5 Things California: Whole Person Care, Aaron Byzak, IHA Atlas

The May budget revise will be out later this week, setting the stage for finalizing the budget ahead of June 15th. You can keep tabs on those numbers here.

But, if you want to know where the conversation is really heading in Sacramento when it comes to health policy and the budget, you have to go here.

 


With help from Emily Boerger
and Marjie High.

 

1. IHA Atlas looks at risk, cost, and quality

The Integrated Healthcare Association (IHA) released the third California Regional Health Care & Cost Quality Atlas including over two dozen measures of cost, quality, and utilization with 2017 data from over 30 million Californians. The data is aggregated from commercial insurance, Medicare, and Medi-Cal and is freely and publicly available.

Early finding: Provider risk sharing is associated with higher quality, at 67.1% (full risk) versus 57.9% (no risk) quality composite with the same or lower cost. Expect additional data reports from IHA soon, including a comparison of Medicare versus Medicare Advantage, an ACO-specific report, and a third focusing on chronic care performance. We will be spending time on this during our Afternoon Keynote at State of Reform this week.

2. Whole Person Care pilot update

With a year and a half remaining in California’s Whole Person Care (WPC) pilot program, the California Health Care Foundation (CHCF) announced the release of two studies providing a midway status update. One report, written by Harbage Consulting, outlines key initiatives and innovations adopted by WPC pilots, including county-hospital partnerships, multi-disciplinary care teams, and housing supports.

The other report, from Intrepid Ascent, focuses on the importance of data-sharing for the WPC pilots and identifies key technological challenges and opportunities. Our rundown of the reports and the status of the WPC pilot programs is available here.


3. NorCal State of Reform in two days

We are closing in on our fourth annual Northern California State of Reform Health Policy Conference held this Thursday.  You can take a look at the speakers lined up or a list of some of the organizations that have registered to be with us this week.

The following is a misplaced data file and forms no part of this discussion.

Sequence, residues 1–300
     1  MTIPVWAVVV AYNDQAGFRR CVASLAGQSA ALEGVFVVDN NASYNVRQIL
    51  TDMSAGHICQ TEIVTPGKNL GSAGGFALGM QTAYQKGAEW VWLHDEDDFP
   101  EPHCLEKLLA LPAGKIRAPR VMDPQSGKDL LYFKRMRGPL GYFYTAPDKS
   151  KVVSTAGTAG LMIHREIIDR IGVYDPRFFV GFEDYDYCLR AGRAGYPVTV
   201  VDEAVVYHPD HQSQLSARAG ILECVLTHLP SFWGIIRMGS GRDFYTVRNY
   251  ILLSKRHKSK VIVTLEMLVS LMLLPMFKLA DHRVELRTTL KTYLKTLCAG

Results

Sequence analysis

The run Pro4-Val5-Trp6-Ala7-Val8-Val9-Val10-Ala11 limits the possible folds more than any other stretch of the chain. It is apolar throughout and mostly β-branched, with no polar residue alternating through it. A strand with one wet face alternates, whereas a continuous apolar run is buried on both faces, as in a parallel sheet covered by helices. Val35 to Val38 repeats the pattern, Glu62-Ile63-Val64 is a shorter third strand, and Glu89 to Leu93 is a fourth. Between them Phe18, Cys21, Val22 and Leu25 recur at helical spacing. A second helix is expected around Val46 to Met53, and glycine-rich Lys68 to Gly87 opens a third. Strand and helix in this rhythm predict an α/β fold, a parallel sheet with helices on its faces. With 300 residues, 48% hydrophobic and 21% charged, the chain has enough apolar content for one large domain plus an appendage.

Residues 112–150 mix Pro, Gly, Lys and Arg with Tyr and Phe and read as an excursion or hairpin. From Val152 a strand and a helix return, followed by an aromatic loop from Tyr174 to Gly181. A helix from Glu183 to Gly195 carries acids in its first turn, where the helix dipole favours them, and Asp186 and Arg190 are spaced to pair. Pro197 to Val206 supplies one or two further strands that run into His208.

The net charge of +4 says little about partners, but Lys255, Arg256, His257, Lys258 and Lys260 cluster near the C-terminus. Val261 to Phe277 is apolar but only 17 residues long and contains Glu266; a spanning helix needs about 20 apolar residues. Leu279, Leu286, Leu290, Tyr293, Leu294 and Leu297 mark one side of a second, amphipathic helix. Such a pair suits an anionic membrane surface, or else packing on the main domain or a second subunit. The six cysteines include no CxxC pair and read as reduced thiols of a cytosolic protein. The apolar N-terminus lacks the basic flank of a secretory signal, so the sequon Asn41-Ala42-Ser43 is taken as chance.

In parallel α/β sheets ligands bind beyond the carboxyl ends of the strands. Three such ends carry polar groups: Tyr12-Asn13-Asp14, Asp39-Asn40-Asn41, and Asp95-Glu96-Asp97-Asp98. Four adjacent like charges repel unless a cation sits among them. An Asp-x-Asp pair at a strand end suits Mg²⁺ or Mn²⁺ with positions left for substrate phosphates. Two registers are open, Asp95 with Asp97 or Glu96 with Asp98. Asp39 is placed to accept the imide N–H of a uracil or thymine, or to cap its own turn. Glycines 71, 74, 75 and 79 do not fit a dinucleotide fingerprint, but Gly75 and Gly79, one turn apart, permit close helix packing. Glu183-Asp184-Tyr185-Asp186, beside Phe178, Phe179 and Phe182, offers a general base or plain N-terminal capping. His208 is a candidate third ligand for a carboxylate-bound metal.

We’re also beginning to plan for our 2019 Los Angeles State of Reform Health Policy Conference coming up on September 18th.  If you’re interested in being a part of the Convening Panel for the LA event, drop me a note. I’m looking forward to the conversation – and to seeing many of you at one of our annual events!

4. Video: Aaron Byzak, Tri-City Medical Center

Aaron Byzak is the Chief External Affairs Officer for Tri-City Medical Center. He joins us in this edition of “What They’re Watching” to discuss investing in the health care pipeline.

“I think that we as a state and as an industry need to do a better job of investing in workforce development and in particular, bringing the segments of pipeline together, because all the segments kind of exist independent of each other…I think that’s really the goal: to take the best pieces of the different [pipeline] programs that are working fairly well and put them together into something that public policy leaders can actually institute across the state.”

 

5. Medicare for All and its price tag

Last week, the Medicare for All bill received its first Congressional hearing. The hearing, which attracted a great deal of partisan debate, discussed many of the unanswered questions regarding the shift from a patchwork, to a single-payer health care system. Reporter Emily Viles covered the hearing here.

Following the hearing, the Congressional Budget Office released a report suggesting the process of creating such a plan could be more difficult than originally anticipated. The report explained how a single-payer system could be constructed, how it could be paid for, and some of the challenges lawmakers face in establishing rules and regulations for the Medicare for All model.